When Lt. Col. Alexander Vindman was finishing up his opening statements into the impeachment testimony of Donald Trump, he addressed his father: “Do not worry. I will be fine for telling the truth.” In the US most would agree that telling the truth ‘will set you free’. In the Soviet Union, his birth country, not so much.
|Ryun Yu as Gordon Hirabayashi|
In “Hold These Truths” currently in an emotionally charged, oft times funny solo play written by Jeanne Sakata and directed by Jessica Kubzansky, a profile in courage by one brave American citizen, Gordon Hirabayashi, is played out at the San Diego Repertory Theatre downtown through Dec. 8th.
As a young man, and American citizen Gordon Hirabayashi (Ryun Yu) assured himself that he was protected by the Constitution (‘because we are all American citizens’) from an unconstitutional Executive Order, 9066 that all West coast citizens of Japanese ancestry be sent to off to internment camps as declared by President Roosevelt after the Japanese bombed Pearl Harbor in 1942.
How wrong he was!
At stake in both instances, is the might of our Constitution and the Bill of Rights that proclaims, “We Hold These Truths” that all men are created equal”. On trial are the ‘self evident truths’ as they assure to protect the rights of the citizens of these United States. Both Vindman and Hirabayashi are American citizens: one by naturalization the other by birth.
In some instances it’s not enough to be assured of your rights. Oft times it take years of determination, push back and sheer willpower to make your case and live your life by having to prove them.
And so begins the sobering journey of Gordon Hirabayashi played beautifully by Ryun Yu. Yu’s Gordon reflects on his simple childhood days growing up on a farm in Seattle, when his father said to him, “The nail that sticks out is the nail that gets hit.” And hit he was, over and over again.
One might say his childhood was what he considered normal for him, a second generation, of Quaker beliefs whose parents ‘insisted on some culture’ as he relates that his mother saved enough to buy a phonograph where they listened to Stephen Foster’s “My Old Kentucky Home”.
Later on, after the Japanese bombed Pearl Harbor he became a consciousness objector, defying a curfew after the president ordered it, and defied the order to be one of the hundred of thousands of Japanese Americans to be rounded up and sent to internment camps.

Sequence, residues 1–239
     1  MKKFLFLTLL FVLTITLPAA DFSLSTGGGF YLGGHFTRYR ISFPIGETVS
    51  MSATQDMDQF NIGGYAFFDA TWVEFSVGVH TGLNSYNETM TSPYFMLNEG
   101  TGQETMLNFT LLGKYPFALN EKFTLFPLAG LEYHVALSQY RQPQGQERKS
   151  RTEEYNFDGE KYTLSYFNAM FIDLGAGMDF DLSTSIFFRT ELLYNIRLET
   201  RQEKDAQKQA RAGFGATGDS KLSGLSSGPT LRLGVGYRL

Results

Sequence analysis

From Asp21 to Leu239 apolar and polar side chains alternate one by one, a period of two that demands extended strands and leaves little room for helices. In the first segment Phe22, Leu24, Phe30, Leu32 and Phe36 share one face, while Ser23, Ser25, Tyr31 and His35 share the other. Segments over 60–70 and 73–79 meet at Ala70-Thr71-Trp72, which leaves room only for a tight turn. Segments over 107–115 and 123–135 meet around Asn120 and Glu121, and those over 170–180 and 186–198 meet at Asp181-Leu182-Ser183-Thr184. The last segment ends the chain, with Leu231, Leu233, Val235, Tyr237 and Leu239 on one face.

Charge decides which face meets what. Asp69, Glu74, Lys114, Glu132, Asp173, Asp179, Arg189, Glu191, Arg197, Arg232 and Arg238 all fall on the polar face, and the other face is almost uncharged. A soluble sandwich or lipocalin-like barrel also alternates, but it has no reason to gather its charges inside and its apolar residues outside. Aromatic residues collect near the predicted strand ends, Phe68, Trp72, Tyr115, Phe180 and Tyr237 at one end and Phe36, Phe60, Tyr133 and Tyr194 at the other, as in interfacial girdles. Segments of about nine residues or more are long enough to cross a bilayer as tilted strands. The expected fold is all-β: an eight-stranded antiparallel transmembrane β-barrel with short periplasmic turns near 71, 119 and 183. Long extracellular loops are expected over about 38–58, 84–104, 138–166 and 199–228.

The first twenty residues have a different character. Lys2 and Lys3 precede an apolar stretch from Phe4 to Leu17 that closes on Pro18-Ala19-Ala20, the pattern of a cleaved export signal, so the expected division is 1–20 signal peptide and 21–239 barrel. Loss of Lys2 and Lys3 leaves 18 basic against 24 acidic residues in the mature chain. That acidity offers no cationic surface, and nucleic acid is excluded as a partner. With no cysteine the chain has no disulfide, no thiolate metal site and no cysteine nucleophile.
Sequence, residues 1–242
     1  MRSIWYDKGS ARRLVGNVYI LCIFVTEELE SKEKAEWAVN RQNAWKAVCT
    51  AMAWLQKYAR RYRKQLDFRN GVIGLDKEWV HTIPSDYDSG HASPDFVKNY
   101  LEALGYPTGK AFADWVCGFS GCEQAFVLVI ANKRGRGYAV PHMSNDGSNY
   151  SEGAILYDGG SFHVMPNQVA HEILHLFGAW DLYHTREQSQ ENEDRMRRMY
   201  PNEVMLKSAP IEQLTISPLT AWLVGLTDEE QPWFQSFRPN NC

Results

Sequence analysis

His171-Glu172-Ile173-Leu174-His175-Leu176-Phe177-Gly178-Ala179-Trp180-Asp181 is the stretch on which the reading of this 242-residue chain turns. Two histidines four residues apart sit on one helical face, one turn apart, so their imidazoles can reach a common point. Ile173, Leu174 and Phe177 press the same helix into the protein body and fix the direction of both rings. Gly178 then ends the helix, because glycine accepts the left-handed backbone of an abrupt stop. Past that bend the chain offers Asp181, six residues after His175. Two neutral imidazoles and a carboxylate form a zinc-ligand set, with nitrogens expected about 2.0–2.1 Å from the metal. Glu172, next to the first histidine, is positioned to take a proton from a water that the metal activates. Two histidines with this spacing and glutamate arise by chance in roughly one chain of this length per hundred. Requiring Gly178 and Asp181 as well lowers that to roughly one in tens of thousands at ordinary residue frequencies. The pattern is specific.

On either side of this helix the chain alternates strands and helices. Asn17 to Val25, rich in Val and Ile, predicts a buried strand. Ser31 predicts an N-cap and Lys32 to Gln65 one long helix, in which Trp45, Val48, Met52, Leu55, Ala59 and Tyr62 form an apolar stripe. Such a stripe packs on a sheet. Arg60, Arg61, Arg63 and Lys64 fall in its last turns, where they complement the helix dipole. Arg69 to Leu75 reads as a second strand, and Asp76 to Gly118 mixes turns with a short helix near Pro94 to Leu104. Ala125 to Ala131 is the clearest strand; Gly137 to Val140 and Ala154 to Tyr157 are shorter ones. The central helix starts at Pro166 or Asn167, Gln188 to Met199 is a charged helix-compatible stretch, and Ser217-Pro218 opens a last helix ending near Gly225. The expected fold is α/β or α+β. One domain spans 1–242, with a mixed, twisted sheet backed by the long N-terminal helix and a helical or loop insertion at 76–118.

His aspirations to go to college prevailed and in 1937 he entered University of Washington, Seattle where at one point joining is friends for a late night coffee and study encountered signs on the cafe doors that read: “No Japs Allowed. Japs not welcome here.” And on campus “For White Gentiles only.”
Gordon: “Our faces are the faces of the enemy.” Newspaper headlines in bold: “The Japanese in California should be under armed guard to the last man and woman. Heard ‘um up, pack ‘um off and give them the inside room of the badlands. Let ‘um be pinched, hurt hungry and deep up against it…” And still, he believed that the constitution would protect them/him. “ We were born here.”
(Sound familiar? Yours truly lived through some of the same race baiting as a youngster. And just for you know what and giggles re- read “Gentleman’s Agreement” or just substitute one ethnicity for another.)
With it all, Mr. Hirabayashi went through some harrowing times: he was in jail for 30 days for disobeying curfew and the removal order. He served time at an Arizona Honor Camp and a state penitentiary. His lawyers appealed the convictions, the courts refused to hear any of the arguments and the case eventually wound up in the Supreme Court, where they found him guilty as charged.
Only 40 years later in 1987with a PhD in sociology and a teacher abroad in Lebanon and Egypt, an appeals court heard his case that was again referred to the Supreme Court, and weaving through the legalities of the case by his legal team and the ACLU, his guilty conviction was finally overturned.
Playwright and actress Jeanne Sakata a third generation Sansei (Japanese American) happened to see a documentary called ‘A Personal Matter. Gordon Hirabayashi vs. The United States’. Surprised that she had little knowledge about the case, she was determined to meet Gordon. On a trip to Seattle she met him for the first time. Permission to interview and later write a solo play was ‘gracious and welcoming’.
The production, originally titled “Dawns Light”: The Journey of Gordon Hirabyashi” was commissioned in 2004 by the Mark Taper Forum by Chay Ye, former director of the Taper’s Asian Theatre Workshop. In 2007 it made its world premiere at East West Players. From 2012 to 2014 and a new title “Hold These Truths” has gone on to be produced all over the country with various actors playing Gordon.
Yu has been in the role since 2007, and how lucky we are in San Diego to be part of his audience as he takes on the roles of a few dozen characters moving seamlessly from one to another on Ben Zamora’s bare bones set subtly lit to perfection by Zamora as well. John Zalewski created the sound, and Soo-Jin Lee the original costumes.
For a more riveting experience and exercise in humbleness and grace, head to downtown to see and be witness to what it looks like to have faith in our country’s democracy, the good the bad and the ugly of it.
Thank our lucky stars that patriots the likes of Gordon Hirabayashi, Lt. Col. Alex Vindman, Fiona Hill, Marie Yovavovitch, whose family fled the Soviet Union after the Bolshevik Revolution and then to Germany and growing up under the Nazi’s before coming to the US and becoming a proud citizen. After all is said and done they still believe ‘that these “Truths Hold”.
See you at the theatre.
Dates: Through Dec. 8th.
Organization: San Diego Repertory Theatre
Production Type: Solo Performance
Where: 79 Horton Plaza Downtown San Diego 92101
Ticket Prices: Start at $25.00
Venue: Lyceum Space
Photo: Jim Carmody